Life is increasingly fast-paced in our current world. The pandemic has slowed us down to some extent but, people are still filling their time with loads of information from tv and the internet. The average screen time daily is 7+ hours! Our minds are on overload and the pandemic has only added to our stress levels. Since 2007, each year the APA conducts a nationwide survey and produces a report on stress levels for its Mind/Body/Health campaign. The purpose of this report is to identify sources of stress, common behaviors, and the link between mind and body.
This year the survey found that the average reported stress level during the prior month was 5.6, (on a scale from 1 to 10 where 1 means “little to no stress” and 10 means “a great deal of stress”). 84% of adults reported feeling at length emotion associated with prolonged stress. The most common stressors were feelings of anxiety (47%), sadness (44%), and anger (39%). Two out of three adults said that the issues facing America were overwhelming to them.
In some ways, it can be relieving to know you are not alone. If you have experienced a higher stress level this year, you are NOT alone! Take comfort that this is a universal problem and that most of us are feeling it deeply. Unless you are Wonder Woman, you most likely have gained weight, drank a little more than you know you should or normally would, felt down at times, been grumpy with your spouse more often than you’d like to admit, etc. etc.
While it is comforting to know that you are not alone, it’s likely not a sustainable path to good health and mental well-being for you to continue this way long term. So what can you do about these feelings and the habits that are associated with them?
First, working on awareness around what you are doing daily and how you are responding to stress is helpful. Try journal writing and reflecting on how you are feeling day to day. Ask yourself questions like these:
What’s good in my life right now?
What am I feeling right now?
What’s going on for me right now?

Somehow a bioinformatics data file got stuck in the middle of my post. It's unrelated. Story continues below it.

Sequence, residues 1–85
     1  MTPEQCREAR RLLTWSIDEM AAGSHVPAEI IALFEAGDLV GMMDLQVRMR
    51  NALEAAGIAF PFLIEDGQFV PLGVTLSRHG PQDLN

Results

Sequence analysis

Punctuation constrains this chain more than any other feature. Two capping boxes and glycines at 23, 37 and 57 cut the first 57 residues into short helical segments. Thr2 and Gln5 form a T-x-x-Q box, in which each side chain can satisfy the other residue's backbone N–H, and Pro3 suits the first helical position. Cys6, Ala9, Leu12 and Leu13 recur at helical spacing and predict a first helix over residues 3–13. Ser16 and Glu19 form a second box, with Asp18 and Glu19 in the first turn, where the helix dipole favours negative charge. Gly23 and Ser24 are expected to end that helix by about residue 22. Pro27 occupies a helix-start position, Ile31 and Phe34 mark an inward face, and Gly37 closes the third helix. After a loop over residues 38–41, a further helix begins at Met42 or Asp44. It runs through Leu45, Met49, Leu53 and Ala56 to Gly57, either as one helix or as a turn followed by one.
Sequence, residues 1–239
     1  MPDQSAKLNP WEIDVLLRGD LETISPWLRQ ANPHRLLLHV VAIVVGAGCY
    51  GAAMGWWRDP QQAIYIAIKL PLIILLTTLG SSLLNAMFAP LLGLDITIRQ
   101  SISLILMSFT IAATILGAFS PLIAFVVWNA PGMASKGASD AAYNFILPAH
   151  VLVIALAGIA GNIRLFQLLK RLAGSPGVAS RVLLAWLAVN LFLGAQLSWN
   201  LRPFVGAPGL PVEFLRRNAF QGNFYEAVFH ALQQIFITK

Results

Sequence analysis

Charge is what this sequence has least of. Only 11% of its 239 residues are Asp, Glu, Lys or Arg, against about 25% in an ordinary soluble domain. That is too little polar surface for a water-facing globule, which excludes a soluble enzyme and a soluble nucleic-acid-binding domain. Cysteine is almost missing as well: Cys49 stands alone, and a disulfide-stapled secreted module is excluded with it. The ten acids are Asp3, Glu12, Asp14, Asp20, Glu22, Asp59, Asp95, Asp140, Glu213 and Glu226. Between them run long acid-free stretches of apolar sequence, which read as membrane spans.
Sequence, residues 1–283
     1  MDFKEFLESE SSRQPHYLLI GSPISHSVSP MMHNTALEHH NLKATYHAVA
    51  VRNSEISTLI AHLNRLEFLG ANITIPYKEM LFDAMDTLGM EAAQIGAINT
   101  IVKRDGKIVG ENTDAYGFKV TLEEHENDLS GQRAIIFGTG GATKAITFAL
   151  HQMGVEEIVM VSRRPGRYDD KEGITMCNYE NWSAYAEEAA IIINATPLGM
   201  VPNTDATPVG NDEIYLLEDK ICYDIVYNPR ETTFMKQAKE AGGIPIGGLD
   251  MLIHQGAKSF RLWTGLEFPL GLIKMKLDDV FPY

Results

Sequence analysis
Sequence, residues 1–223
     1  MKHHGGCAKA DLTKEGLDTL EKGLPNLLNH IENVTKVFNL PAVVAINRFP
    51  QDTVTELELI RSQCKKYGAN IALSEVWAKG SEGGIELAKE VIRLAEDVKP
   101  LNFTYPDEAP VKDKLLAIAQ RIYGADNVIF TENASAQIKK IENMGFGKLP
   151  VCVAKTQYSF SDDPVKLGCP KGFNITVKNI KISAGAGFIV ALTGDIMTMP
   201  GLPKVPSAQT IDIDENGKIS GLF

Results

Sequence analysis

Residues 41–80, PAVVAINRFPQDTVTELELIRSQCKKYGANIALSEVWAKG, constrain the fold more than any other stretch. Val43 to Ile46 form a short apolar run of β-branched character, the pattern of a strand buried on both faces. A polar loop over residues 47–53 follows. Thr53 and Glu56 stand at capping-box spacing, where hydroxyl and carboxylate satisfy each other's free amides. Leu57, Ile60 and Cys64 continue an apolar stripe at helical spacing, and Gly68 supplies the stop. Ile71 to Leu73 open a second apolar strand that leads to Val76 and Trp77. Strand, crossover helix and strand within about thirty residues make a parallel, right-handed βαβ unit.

What’s not going so well right now?
What emotion am I feeling on a regular basis?
The more we write out our thoughts, the more likely we are to give them time and process them. I always tell my clients “awareness is half the battle!” Once you know how you feel, you can then brainstorm solutions. This takes you out of reaction to life mode and puts you back in the driver’s seat to make clear choices for your health and well-being. Instead of feeling sad or angry and grabbing a cocktail, you can process your emotions and what you might do to help the situation causing the emotion in a positive way.
Did you know that after five minutes of reading your stress can be reduced by 68%? Just 45 minutes of a creative activity reduces stress in the body. With only five minutes of exercise, you get a mood enhancement. Imagine if you did 30 minutes a day what that could change? The news is what gets me! I’ve had to do conscious self-talk and detox programs to take breaks from listening to the news. I am a new woman when I turn it off for several days or weeks at a time. It’s important to note what you can control and what you can’t. Stressing about a situation that is completely out of our control is common. Once we are aware of it, we can make different choices to focus on what we can control.
The worrying effects of stress on our health are well documented, from causing depression to increasing risks of cancer.
It’s also your responsibility to make time to relax and restore. It can be as simple as having healthy habits to practice at home. Let’s replace excessive drinking, gossip, worry, eating, and other habits that are not promotive of our overall health with these healthy alternatives:
Reading a Book
Eat Foods that Relieve Stress
Dance like no one is watching
Spend time with your pet
Laugh Your Head off
If you need an accountability partner to help you make healthy habits a priority, I’m here for you! Sign up for your free discovery coaching call today here.